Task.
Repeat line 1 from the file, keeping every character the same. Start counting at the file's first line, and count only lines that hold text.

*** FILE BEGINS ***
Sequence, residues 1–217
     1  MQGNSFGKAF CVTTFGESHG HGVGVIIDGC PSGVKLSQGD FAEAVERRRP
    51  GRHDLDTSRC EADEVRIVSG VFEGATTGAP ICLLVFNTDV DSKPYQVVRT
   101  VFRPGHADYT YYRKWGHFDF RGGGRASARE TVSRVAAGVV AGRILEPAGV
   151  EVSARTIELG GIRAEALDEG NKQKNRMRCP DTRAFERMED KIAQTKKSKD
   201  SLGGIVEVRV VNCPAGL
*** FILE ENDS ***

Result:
Sequence, residues 1–217